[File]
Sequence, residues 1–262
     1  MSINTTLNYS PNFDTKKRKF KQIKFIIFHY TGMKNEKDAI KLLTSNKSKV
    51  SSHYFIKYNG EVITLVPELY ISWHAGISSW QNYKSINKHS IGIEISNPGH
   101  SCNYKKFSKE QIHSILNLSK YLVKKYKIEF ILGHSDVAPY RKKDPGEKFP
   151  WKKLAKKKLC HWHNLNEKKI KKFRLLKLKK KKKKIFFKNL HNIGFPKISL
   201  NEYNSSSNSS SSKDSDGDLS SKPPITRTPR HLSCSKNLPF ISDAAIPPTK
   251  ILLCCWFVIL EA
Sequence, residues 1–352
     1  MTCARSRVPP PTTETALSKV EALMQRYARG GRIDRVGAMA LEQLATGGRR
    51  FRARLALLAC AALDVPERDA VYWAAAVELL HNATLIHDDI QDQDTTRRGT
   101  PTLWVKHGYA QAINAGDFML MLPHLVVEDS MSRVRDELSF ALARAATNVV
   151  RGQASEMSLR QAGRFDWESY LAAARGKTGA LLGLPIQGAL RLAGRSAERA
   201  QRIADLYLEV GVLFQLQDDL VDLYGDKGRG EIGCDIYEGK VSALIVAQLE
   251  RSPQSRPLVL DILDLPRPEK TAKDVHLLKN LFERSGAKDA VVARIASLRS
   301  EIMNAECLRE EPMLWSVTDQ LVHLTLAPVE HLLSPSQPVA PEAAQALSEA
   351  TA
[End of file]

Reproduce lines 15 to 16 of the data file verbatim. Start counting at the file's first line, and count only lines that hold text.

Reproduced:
   301  EIMNAECLRE EPMLWSVTDQ LVHLTLAPVE HLLSPSQPVA PEAAQALSEA
   351  TA